My wife is making a lot of how-much-could-I-need-things-that-I-don't-even-open noises. I've learned to give her an icy stare and then fumble, briefly, with an Amazon.com box that somehow always winds up back on the pile. I have successfully opened the wine, and managed to consume a bottle, maybe two.

Moonlighters can work pretty much any time they want. This week, for instance, I put in about 80 hours, well, make that 100 hours, many of them at interesting times of day - like 5.30am and midnight - time I'd just be wasting otherwise, doing things like sleeping.

And the variety of work is good, too. This week, I got to hack a database - three databases, actually - and build and operate a permission e-mail marketing program, replete with about 2,400 personalised e-mails - each with a different, snappy note from me.

I wired the three databases into an e-mailer program arbitrated by a quasi-artificial intelligence. I set up a new e-mail server, then redid it when an anti-spam spider program found a security hole. I did a word-frequency analysis on my composite e-mails, to make sure they'd get past the current, popular anti-spam algorithms employed by the tech-savvy companies in my target market space.

I met with the VP of another start-up, and tried to hack a strategic alliance. He was a good guy, and spent an hour telling me about his business model, and I spent an hour telling him about ours, and we agreed we'd try to work together on one deal and see how it went. Next week, I'll work really hard on the deal, so we'll look like a really good partner. He knows that, and I suspect he just did it to get really good service for the account in question, whose founder lives next door to his boss, but that's how "strategic relations" works.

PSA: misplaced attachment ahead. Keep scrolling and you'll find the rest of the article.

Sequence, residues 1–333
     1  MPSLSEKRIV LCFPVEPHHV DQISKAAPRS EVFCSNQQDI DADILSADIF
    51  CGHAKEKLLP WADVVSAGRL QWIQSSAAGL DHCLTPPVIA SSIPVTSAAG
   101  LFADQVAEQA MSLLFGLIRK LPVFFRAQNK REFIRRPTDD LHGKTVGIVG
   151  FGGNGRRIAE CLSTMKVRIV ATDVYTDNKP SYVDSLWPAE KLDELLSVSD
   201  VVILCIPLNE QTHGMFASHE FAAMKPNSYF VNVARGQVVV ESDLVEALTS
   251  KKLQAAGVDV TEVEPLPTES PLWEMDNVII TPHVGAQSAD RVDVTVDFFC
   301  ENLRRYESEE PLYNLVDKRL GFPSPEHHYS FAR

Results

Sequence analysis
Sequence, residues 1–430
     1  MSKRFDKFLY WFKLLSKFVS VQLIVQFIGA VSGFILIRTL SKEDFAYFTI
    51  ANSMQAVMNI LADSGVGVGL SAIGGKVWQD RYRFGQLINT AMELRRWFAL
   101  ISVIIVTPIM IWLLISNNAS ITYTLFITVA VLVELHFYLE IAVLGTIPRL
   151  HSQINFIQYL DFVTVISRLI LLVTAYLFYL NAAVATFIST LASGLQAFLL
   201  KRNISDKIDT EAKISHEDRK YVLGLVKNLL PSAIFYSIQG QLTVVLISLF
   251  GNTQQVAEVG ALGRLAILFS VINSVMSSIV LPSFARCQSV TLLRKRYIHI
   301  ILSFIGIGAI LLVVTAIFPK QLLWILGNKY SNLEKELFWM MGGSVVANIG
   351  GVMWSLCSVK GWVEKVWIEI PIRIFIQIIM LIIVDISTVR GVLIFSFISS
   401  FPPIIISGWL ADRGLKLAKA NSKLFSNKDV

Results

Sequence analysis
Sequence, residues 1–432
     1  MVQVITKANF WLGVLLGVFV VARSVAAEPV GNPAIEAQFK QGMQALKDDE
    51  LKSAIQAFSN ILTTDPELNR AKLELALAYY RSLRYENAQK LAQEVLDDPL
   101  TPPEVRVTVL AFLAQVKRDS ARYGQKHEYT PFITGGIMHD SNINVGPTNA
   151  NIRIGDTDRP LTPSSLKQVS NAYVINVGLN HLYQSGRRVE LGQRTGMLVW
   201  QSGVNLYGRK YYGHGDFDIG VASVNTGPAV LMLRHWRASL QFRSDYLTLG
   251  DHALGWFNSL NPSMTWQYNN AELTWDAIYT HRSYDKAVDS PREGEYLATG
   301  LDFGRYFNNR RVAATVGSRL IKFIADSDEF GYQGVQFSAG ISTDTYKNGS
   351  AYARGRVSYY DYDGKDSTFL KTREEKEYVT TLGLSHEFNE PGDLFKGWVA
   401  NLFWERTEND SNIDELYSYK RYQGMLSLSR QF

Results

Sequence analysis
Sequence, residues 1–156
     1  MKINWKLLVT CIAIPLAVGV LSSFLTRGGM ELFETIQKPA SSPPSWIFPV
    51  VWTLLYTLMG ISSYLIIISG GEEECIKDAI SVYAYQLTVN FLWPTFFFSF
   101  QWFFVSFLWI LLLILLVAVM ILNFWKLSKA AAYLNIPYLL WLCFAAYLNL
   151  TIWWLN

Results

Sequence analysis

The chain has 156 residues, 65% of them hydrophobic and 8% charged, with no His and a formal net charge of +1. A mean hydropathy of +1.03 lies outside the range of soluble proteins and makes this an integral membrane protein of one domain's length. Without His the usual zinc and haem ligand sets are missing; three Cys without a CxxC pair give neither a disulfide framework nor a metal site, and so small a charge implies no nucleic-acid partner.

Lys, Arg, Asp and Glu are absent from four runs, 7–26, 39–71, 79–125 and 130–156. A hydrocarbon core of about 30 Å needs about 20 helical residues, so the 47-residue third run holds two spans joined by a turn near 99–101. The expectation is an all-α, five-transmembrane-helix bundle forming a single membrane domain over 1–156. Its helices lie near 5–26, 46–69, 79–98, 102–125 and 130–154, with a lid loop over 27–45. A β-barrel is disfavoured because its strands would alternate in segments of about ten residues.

A friend e-mailed: he was having problems with a bunch of Russian programmers he'd hired to hack a massive biotech project. We looked over his project's RFP (Request for Proposal) and spent half a day figuring out his acronyms, then e-mailed him a quote larger than the gross national product of a third of the world's nations. If you work cheap, you immediately lose all respect: it's better not to work, than to work cheap, unless you do Open Source, in which case it's an honour.

Then I answered the 943 responses to my 2,400 e-mail messages. I booked the biggest conference room in town, and ordered an "afterwards" bash for 600, all on my American Express. I e-mailed a Famous Computer Scientist notorious for the steep fees he charges to give speeches, and booked him for a day. Then I sent the 943 respondents a message saying if they were really good, and would let me e-mail them with news about my company's services and products, then I'd let them in to see the Famous Computer Scientist.

Then I watched while the 943 "blessed" respondents tried to get themselves, their sisters, their cousins, their CEOs and their boyfriends into the big event.

And, oh yeah, I have to file a column - 900 words due by Wednesday. Problem is, it's Thursday already. There are seven e-mails from The Independent in my in-box, and voicemail from the local police, inquiring about my health.

Did I say I was frantic?

cg@gulker.com